From simple to complex

From a glass half-empty perspective, people on the desktop are sacrificing functionality in favor of a platform they may not even use. Apple's focus primarily lies on iOS rather than OS X, and this is clear evidence of that. An optimist would counter that this is a chance to re-evaluate old pieces of software with old code bases, and to make them more user friendly. Microsoft and Apple took the opportunity to start from scratch.

I find this trend quite interesting, because it reverses the direction in which features have usually flown: in the past, professional, complex apps were often the starting point for simpler, less powerful apps. Photoshop gave birth to Photoshop Elements. Apple derived Final Cut Express from Final Cut Pro. iPhoto eventually inherited the database format Aperture was based on.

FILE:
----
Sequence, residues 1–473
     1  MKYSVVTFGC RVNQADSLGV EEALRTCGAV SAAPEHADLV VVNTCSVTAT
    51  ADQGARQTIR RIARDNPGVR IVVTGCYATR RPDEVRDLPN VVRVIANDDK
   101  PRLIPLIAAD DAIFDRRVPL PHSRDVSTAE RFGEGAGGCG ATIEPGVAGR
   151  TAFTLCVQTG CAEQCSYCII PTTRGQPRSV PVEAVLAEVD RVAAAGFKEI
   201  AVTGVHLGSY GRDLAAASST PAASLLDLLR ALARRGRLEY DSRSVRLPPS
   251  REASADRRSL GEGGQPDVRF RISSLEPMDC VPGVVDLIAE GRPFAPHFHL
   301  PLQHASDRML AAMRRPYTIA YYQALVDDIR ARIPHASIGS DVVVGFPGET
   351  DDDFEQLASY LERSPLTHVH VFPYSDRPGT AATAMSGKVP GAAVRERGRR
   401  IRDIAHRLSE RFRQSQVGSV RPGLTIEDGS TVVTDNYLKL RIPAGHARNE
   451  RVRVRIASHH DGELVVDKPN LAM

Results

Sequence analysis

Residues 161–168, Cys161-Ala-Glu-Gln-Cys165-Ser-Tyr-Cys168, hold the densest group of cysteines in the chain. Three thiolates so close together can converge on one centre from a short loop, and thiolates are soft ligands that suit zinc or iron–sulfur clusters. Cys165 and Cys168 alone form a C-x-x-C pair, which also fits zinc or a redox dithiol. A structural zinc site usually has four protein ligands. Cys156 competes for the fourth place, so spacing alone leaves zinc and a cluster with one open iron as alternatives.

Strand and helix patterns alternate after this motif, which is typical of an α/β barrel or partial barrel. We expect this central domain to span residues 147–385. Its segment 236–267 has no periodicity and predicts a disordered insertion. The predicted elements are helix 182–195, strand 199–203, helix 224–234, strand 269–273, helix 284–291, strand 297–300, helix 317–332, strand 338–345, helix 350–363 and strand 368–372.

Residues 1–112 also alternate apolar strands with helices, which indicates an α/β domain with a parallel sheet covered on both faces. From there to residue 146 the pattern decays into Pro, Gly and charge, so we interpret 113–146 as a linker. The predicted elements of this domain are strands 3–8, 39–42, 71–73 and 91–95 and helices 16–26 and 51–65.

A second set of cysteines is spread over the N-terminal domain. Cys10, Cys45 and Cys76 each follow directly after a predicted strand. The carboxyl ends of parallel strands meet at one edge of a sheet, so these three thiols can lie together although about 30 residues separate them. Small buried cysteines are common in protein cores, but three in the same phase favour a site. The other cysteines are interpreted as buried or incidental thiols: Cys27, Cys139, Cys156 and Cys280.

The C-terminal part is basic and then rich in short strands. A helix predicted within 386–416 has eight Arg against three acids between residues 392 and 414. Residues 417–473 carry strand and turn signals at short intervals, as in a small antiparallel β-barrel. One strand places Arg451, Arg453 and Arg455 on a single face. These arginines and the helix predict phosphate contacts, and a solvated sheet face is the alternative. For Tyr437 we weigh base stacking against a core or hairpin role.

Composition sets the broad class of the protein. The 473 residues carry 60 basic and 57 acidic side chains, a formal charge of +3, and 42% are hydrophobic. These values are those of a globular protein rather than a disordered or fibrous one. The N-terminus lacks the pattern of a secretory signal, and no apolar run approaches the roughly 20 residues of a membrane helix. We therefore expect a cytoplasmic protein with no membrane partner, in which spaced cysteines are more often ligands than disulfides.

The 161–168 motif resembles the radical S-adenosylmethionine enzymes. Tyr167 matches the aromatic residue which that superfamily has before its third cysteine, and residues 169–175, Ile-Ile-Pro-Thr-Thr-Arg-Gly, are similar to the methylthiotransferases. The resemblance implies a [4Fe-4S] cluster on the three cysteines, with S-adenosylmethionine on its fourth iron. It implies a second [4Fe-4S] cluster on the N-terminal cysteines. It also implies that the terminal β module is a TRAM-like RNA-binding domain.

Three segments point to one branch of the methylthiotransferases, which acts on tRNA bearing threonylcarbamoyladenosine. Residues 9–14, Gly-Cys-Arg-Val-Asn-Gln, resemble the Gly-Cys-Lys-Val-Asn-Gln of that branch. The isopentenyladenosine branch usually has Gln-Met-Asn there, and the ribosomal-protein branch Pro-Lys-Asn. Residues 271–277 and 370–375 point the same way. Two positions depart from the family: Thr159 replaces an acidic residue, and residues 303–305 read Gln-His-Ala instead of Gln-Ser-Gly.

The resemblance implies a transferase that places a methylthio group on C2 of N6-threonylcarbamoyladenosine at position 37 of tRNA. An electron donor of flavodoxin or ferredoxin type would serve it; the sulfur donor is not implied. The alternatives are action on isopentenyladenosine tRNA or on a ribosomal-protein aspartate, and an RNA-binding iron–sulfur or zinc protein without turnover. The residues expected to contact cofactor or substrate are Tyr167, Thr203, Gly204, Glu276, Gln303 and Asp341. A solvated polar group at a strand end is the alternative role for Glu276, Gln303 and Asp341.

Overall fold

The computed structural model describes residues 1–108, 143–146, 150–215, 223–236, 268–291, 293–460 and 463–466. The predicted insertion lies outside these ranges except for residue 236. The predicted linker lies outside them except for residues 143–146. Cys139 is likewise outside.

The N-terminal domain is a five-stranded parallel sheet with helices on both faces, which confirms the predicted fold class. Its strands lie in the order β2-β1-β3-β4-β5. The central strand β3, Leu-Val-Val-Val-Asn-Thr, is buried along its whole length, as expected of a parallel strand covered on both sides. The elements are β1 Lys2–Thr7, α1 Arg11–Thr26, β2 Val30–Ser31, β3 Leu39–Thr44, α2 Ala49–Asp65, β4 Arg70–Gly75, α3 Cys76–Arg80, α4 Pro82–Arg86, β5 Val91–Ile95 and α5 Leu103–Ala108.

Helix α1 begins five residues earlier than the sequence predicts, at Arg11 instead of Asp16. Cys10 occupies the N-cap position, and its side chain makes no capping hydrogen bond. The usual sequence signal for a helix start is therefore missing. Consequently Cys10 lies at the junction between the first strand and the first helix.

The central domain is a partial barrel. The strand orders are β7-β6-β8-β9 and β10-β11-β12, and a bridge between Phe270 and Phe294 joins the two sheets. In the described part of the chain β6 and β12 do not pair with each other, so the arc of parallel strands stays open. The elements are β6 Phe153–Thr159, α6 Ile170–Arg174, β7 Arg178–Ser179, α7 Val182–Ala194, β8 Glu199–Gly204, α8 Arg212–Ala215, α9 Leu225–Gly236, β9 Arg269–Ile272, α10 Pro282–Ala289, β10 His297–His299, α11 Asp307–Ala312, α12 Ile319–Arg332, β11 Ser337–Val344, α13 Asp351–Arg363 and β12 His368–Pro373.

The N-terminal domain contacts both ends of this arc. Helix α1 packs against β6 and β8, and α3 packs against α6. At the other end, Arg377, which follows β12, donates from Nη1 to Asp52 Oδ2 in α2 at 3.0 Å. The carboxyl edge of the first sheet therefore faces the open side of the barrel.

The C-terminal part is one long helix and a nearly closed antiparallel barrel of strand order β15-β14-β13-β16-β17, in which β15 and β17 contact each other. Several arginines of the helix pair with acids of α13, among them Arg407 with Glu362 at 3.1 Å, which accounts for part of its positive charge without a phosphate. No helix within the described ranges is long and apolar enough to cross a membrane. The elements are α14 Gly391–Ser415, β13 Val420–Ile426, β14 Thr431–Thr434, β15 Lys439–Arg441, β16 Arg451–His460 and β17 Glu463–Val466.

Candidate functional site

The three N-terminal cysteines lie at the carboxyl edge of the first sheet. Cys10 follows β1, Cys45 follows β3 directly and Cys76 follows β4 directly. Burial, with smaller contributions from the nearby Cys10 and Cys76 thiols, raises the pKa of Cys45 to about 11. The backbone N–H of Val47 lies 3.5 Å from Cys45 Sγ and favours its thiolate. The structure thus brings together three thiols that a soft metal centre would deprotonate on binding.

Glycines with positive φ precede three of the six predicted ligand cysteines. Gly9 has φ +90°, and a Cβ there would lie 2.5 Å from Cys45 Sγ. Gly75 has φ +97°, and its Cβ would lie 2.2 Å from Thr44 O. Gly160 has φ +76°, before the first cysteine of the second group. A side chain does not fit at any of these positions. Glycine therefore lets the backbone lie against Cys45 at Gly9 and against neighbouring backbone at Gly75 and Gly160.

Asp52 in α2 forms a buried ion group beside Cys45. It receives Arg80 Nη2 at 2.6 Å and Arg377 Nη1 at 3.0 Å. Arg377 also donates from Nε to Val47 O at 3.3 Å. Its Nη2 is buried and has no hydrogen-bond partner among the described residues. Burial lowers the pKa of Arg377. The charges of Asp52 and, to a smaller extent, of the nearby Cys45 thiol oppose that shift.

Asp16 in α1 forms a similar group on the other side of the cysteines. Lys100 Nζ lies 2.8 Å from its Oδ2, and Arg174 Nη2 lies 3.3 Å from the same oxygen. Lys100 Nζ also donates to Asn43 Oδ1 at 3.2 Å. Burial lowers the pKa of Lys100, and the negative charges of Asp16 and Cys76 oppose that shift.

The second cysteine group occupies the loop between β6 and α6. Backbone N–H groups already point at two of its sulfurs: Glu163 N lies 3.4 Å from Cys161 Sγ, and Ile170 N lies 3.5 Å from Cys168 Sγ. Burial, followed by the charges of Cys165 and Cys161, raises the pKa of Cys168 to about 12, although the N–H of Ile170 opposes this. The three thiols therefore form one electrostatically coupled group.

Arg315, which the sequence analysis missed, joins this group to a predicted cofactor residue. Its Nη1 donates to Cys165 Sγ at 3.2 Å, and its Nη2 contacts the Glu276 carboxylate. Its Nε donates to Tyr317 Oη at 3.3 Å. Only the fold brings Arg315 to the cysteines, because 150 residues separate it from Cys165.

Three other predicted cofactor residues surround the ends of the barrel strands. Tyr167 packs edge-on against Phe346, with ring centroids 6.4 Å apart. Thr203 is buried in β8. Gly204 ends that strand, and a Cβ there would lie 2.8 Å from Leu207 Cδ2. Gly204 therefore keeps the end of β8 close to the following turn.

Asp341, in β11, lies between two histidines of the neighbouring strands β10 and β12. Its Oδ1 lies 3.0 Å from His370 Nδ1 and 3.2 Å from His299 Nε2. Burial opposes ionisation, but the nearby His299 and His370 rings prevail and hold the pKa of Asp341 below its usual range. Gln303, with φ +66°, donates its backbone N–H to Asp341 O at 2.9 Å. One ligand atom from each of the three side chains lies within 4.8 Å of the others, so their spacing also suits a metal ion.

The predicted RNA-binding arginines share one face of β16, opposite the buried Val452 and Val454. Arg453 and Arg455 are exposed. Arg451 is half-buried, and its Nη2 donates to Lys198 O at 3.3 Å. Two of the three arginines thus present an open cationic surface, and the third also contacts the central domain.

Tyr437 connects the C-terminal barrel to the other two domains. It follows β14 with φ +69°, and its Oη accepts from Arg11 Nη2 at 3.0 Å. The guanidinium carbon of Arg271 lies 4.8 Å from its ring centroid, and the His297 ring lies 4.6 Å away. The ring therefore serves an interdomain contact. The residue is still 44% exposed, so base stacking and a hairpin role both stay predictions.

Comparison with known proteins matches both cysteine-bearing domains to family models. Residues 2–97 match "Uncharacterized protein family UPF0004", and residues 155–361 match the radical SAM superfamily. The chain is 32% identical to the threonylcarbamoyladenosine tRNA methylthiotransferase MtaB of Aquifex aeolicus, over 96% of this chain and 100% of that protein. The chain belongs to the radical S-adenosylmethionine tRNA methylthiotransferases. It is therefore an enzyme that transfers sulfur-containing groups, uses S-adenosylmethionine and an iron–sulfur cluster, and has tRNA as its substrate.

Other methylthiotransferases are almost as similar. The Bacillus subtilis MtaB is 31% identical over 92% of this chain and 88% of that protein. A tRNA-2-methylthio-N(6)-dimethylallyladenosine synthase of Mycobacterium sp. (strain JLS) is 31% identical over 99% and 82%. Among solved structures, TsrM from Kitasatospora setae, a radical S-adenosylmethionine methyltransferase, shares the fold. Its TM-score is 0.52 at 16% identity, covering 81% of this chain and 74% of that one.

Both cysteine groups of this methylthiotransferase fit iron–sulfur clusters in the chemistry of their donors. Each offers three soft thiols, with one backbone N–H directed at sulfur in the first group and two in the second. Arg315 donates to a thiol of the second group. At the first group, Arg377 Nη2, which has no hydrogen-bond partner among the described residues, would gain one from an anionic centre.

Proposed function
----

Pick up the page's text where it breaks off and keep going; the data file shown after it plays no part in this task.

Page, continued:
Nowadays, more powerful desktop software is reimagined after having to design software for tablet and phone operating systems. Microsoft Office for Windows 10 is based off on Office for the iPad. The restrictions force software designers to reevaluate their decisions, and they often find that simpler interfaces are more appealing than being overwhelmed by choice. I see this as a huge opportunity to make desktop software more user-friendly, and the personal computer as a whole more humane.

Cross-device interoperability

The trend also goes to people having several computers. Even thermostats or lightbulbs are based on computers. So a lot of efforts are going into integrating them seamlessly between devices. Microsoft will allow you to stream XBox One games across all your Windows 10 devices, meaning you can continue to play on your Suface or PC in case someone else wants to watch TV. Apple's Continuity features enable users to »move« tasks across devices. The lines between the different computers are blurred. And most of these features are relying on the cloud. This is the major push behind all these moves.